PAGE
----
The state commissioner ordered the coffee chain’s insurer to pay taxes, penalties and interest.
Washington Insurance Commissioner Mike Kreidler ordered a Starbucks owned insurer to pay almost $24 million in fines. The insurance company is required to pay the total amount in taxes, penalties and interest.
The full amount of the fine is the result of Starbucks’ insurer’s alleged unauthorised insurance sales.
If, when all is said and done, Starbucks is required to pay the complete amount the Washington Insurance Commissioner, it would approach $24 million. This would be the result of alleged unauthorized sales by an insurance company Starbucks owns. It includes a fine of $1.1 million, as well as premium tax totalling almost $12.6 million, in addition to $2.5 million in tax penalties, and close to $7.7 million in interest.
Kreidler’s office ordered a stay of the fine until the outcome of a hearing scheduled for January 14. That hearing will involve a conference for the case against Olympic Casualty Insurance Co, owned by Starbucks. The insurer has also been ordered to cease and desist all insurance product sales until the hearing’s outcome.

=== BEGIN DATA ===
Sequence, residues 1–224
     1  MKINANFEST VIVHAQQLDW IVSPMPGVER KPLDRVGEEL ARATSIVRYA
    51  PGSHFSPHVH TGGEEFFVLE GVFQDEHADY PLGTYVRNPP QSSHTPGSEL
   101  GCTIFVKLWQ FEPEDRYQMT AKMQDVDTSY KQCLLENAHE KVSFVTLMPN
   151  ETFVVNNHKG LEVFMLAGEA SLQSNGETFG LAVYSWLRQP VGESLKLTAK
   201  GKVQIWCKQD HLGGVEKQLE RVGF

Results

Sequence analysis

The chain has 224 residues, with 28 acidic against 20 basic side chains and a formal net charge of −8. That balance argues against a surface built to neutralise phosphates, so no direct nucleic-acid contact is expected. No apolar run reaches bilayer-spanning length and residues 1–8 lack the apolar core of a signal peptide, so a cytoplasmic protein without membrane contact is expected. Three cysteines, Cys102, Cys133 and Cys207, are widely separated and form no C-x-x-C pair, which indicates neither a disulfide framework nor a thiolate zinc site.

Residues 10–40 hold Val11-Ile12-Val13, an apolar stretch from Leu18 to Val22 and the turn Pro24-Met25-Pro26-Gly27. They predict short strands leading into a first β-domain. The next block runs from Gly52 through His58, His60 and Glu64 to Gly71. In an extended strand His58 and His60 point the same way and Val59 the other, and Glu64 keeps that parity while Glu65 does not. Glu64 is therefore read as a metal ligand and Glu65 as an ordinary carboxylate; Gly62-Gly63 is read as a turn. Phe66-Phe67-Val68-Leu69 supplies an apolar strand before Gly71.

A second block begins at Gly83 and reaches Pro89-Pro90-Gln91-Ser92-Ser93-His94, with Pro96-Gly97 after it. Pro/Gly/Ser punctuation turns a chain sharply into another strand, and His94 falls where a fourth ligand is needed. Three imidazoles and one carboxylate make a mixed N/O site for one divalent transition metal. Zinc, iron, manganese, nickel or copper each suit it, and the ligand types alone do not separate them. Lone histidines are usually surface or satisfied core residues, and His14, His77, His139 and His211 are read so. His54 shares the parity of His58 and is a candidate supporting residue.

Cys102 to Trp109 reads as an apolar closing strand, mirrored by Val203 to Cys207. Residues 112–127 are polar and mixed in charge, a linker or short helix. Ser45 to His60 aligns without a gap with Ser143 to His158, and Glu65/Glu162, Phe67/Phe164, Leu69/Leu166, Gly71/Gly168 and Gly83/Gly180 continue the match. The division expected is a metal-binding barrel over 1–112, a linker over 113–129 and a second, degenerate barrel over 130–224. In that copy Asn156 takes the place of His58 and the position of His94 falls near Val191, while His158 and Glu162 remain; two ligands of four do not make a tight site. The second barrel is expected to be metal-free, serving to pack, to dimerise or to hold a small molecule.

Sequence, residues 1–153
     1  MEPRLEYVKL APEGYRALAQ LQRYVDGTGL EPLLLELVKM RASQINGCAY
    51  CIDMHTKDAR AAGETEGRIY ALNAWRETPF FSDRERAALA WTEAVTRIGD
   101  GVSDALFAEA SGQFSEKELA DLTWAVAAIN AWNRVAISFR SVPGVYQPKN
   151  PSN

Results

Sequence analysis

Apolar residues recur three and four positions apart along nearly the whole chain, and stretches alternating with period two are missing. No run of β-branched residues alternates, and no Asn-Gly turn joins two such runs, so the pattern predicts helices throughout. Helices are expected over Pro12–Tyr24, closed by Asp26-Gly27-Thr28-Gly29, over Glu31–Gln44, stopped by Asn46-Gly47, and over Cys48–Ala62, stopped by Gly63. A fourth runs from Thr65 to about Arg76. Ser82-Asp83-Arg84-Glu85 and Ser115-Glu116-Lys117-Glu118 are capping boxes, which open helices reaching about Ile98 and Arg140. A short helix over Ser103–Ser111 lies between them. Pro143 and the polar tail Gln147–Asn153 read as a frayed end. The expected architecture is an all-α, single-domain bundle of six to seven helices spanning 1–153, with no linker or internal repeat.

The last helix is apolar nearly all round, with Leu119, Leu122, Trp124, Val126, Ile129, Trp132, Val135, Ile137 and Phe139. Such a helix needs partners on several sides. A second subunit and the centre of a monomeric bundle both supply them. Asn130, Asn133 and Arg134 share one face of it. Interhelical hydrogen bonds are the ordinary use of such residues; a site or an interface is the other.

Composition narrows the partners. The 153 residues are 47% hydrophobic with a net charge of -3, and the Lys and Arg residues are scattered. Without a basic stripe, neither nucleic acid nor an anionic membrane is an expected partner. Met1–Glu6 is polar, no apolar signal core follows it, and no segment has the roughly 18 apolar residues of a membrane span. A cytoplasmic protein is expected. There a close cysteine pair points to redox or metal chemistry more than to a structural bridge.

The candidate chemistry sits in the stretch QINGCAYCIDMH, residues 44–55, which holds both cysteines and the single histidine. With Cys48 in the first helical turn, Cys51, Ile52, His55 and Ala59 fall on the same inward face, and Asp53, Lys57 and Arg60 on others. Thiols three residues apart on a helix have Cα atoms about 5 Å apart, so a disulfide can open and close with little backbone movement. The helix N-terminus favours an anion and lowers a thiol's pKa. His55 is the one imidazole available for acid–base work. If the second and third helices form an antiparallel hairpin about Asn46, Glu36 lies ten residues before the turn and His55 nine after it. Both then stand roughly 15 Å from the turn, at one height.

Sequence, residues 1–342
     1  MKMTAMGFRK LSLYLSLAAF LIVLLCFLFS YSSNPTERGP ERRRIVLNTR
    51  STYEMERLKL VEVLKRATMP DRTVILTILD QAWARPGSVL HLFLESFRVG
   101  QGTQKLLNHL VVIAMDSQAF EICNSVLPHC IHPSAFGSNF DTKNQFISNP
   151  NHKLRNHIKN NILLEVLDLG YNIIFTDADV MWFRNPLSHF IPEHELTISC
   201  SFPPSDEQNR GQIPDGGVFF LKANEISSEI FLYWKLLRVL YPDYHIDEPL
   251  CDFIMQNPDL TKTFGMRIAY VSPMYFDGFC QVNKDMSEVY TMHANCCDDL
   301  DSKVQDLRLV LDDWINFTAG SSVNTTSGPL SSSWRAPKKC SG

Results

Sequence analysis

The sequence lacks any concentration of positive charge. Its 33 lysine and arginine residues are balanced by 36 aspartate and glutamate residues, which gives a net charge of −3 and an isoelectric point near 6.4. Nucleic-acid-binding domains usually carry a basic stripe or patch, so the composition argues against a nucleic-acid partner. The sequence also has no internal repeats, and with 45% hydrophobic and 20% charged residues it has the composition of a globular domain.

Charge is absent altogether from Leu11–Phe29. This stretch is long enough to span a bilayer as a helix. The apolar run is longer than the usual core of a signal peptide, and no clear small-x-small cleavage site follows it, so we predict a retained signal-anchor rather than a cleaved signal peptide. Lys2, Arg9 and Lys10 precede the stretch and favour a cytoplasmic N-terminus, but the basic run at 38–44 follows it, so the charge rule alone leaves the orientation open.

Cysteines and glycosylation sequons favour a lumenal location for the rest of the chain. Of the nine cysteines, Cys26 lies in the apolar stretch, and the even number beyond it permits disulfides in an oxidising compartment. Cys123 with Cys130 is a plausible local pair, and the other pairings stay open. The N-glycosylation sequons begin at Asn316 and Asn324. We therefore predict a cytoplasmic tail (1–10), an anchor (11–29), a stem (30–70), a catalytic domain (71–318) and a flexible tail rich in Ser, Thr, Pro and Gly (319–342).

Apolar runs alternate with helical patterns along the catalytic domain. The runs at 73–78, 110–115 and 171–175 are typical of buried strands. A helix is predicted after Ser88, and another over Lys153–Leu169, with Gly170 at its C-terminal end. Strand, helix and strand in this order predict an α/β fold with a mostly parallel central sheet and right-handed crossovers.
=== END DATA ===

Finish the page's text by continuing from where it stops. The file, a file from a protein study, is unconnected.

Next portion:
The Washington Insurance Commissioner’s office put sales and fines on hold until the hearing’s outcome.
Starbucks-owned Olympic Casualty is an insurer selling general liability coverage and workers compensation for the coffee chain. According to a Starbucks spokesperson cited in a Bizjournal report, this is an insurance best practices disagreement, not an actual tax matter.
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The coffee chain and a number of other companies from the state have been using “captive insurer” arrangements for many years. This occurs when a parent business forms an insurance company for the purpose of self-insurance.
Last September, an Alaska Air Group-owned insurer was slapped with a $2.5 million fine for unauthorized insurance sale. As of last Tuesday, that company and Starbucks’ insurer were both ordered by the commissioner’s office to stop insuring their parent companies.
Washington law requires that all insurers pay a 2 percent tax based on the premiums they write. According to the Washington Insurance Commissioner’s office, neither Olympic Casualty, nor ASA Assurance – Alaska Air’s insurer – were permitted to sell insurance in the state and neither one paid premium tax on the coverage they sold there.